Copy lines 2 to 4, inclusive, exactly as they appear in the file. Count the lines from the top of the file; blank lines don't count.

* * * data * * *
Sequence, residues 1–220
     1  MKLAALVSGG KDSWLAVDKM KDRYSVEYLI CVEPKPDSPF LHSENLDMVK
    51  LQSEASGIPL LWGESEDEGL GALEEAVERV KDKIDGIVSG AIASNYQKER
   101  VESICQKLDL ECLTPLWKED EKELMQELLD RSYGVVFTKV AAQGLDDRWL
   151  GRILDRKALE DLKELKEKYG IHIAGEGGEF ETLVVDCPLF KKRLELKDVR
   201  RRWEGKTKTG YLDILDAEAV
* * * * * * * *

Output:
     1  MKLAALVSGG KDSWLAVDKM KDRYSVEYLI CVEPKPDSPF LHSENLDMVK
    51  LQSEASGIPL LWGESEDEGL GALEEAVERV KDKIDGIVSG AIASNYQKER
   101  VESICQKLDL ECLTPLWKED EKELMQELLD RSYGVVFTKV AAQGLDDRWL